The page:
A Study Of Global Positioning System Information Technology Essay

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The Global Positioning System was initially developed by the U.S. Department of Defense. It provides precise estimates of position, velocity, and time to users worldwide. The GPS Satellite was launched in 1978, and the system was declared operational in 1995. Today, GPS serves over twenty million users with a breath-taking variety of applications built on these basic capabilities. Currently, GPS is undergoing substantive changes that will enhance both military and civil capabilities [1].GPS is being modernized. In fact, modernization is a fabric of change with the following elements.

A. Integrity Machines provide error bounds to safety-critical users in real time. The Wide Area Augmentation System or WAAS began operation on July 10, 2003.

B. Navigation Signals of Opportunity refer to all the other [12] signals (inertial and radio).

C. Frequency Diversity the new signals L1 and L2 will be accurate to positioning, or finding the user's location, with gps requires some understanding of the gps signal structure and how the measurements can be made [1].


Gps satellite transmits a microwave radio signal. It is composed of two carrier frequencies modulated by two digital codes and a navigation message. The two carrier frequencies are generated at 1,575.42 MHz L1 carrier and 1,227.60 MHz L2 carrier. The corresponding carrier wavelengths are approximately 19 cm and 24.4 cm, respectively, which result from the relation between the carrier frequency and the speed of light in space. The availability of the two carrier frequencies, allows correcting a major gps error, known as the ionosperic delay. All of the gps satellites transmit the same L1 and L2 carrier frequencies. The code modulations are different for each satellite, which significantly minimizes the signal interference.


Figure1: Gps signal structure

The two gps codes are coarse acquisition code or C/A code and precision code or p-code. Each code consists of a stream of binary digits, zeros and ones known as bits and chips. The codes are commonly known as PRN codes which are similar to random signals. The C/A-code is modulated onto the L1 carrier only, while the P-code is modulated onto both L1 and the L2 carriers. This modulation is biphase modulation, when the carrier phase is shifted by 180 degree and the code value changes from zero to one or from one to zero. The C/A code is a stream of 1,023 binary digits (1,023 zeros and ones) that repeats itself every millisecond. Chipping rate of the C/A code is 1,023 mbps. Each satellite is assigned a unique C/A code, which enables the gps receivers to identify which satellite is transmitting a particular code. The C/A -code range measurement is relatively less precise compared with that of the P-code, which is less complex and available to all users [2].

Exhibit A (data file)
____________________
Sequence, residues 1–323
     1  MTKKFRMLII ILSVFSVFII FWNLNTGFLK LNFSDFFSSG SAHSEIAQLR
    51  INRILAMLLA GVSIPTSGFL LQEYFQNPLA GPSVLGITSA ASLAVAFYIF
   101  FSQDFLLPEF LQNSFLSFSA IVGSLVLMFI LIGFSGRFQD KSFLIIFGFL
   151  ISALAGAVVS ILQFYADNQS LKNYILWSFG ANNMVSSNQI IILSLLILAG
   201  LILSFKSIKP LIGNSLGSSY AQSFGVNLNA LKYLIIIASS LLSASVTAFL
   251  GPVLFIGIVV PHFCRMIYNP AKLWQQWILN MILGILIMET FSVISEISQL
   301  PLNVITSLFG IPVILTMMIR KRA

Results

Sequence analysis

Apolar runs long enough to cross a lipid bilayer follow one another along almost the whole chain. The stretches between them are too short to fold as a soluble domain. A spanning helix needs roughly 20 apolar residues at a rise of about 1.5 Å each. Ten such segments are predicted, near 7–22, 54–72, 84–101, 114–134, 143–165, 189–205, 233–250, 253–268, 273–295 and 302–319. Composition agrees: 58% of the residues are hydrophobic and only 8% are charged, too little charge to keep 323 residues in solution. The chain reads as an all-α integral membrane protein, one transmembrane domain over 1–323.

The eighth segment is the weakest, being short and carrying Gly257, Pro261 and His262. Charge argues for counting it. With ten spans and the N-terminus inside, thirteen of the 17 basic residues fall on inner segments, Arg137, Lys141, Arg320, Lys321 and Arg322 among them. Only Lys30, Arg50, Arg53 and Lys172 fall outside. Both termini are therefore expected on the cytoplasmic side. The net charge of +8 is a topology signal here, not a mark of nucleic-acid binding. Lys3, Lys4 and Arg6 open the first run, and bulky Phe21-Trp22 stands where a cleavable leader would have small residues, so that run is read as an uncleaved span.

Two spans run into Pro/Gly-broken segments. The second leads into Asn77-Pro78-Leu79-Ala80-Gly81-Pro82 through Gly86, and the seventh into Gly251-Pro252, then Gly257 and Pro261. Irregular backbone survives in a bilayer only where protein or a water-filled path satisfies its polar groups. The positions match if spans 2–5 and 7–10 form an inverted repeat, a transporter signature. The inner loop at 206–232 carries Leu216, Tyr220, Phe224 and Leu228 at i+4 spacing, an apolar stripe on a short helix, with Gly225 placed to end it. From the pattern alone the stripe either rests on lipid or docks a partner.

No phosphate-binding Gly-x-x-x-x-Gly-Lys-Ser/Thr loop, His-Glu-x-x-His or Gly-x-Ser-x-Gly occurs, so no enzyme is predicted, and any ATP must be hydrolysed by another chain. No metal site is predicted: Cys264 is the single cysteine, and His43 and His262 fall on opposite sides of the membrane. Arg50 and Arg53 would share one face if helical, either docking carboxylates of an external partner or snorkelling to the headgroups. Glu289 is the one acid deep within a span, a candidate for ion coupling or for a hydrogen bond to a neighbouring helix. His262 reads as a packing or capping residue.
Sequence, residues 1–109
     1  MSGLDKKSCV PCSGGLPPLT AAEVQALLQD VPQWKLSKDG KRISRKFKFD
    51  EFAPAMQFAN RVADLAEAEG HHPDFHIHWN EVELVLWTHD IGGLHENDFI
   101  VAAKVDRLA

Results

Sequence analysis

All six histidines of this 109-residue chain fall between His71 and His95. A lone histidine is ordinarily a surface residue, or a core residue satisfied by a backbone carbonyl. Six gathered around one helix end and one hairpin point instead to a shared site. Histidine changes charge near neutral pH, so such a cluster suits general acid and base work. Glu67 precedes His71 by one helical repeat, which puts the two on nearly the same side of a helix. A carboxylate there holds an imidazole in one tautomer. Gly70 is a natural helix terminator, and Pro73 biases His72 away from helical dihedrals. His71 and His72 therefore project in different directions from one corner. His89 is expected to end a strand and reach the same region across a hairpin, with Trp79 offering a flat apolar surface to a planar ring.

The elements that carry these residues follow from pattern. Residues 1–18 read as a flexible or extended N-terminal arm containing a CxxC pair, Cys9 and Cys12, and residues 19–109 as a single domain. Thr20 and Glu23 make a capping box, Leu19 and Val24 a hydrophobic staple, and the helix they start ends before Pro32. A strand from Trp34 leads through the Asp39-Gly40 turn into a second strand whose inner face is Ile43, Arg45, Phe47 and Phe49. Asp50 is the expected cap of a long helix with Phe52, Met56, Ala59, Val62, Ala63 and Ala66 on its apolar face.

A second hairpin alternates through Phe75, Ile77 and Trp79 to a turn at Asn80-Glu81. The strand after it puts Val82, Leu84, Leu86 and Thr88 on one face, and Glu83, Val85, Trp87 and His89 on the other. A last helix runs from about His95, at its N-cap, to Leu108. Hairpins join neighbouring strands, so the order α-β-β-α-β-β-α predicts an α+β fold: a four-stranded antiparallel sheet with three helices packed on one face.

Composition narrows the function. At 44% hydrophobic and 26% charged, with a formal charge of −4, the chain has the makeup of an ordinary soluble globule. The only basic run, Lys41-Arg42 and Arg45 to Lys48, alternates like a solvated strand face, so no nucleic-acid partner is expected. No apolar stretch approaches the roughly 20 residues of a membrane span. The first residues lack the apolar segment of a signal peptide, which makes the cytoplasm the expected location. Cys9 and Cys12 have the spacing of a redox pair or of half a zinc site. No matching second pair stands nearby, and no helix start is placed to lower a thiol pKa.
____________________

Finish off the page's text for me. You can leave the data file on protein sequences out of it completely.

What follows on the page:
Each satellite sends three rather similar signals. Any of these can be described as the product of four terms

Amplitude 2P

Navigation data, D (t)

Spread spectrum code, x (t) or y (t)

Radio frequency (RF) carrier cos (2+) or sin (2+).

The first signal, with amplitude 2PC, is the basis for the vast majority of civil applications. It refers to as the civil signal, even though the military also uses this signal.

The codes, {x (k) (t) k =1 K} are unique to each satellite. These codes are C/A codes and they spread the spectrum of the transmitted signal. GPS is a direct sequence, spread-spectrum system. The C/A codes are sequences of chips each having a polarity of either +1 or -1, and these chips modulate the transmitted signal. The chipping rate for the C/A codes is 1.023Ã-106 chips/second, and so the duration of a single chip is approximately 1 microsecond or 300 meters.

The C/A chipping rate also means that the null-to-null bandwidth is 2.046 MHz this bandwidth is much greater than the bandwidth normally required to send the 50 bps data rate required for the navigation message, D (t). The codes enable precise ranging measurements and allow the receiver to distinguish the signals from the different satellites.

The second and third signals have amplitudes 2PY 1 and 2PY 2. The military is the main beneficiary of these latter signals and so we refer to them as the military signals. One of the military signals is broadcast in phase quadrature with the civil signal at fL1=1575.42 MHz [2].


More significant benefits will occur when a second civil frequency is made available to civil users as significant numbers of GPS Block IIR-M (supporting L2C) and IIF [12] (supporting L5C) satellites are fielded.

A. New L2 Civil Signal: A major milestone for civil users of GPS is to broadcast of civil signals on a second frequency. When combined with the existing L1 signal, this will allow users to track both signals to estimate and remove the impact of ionosphere delay on their range measurements. The Block IIR-M satellites are equipped to broadcast coded civil signals on the L2 frequency now used by the military and used (but in codeless or semi-codeless form) by civil survey receivers and SBAS reference receivers. The IIR-M satellites may initially broadcast the existing C/A code definition on L2.The goal is to eventually switch to a new L2C signal. The L2C signal has the same chipping rate as L1 C/A (1.023 MCPc). But this is split between a moderate-length 10,230- chip "CM" code with data and much longer 767,250-chip "CL" code without data [12] modulation.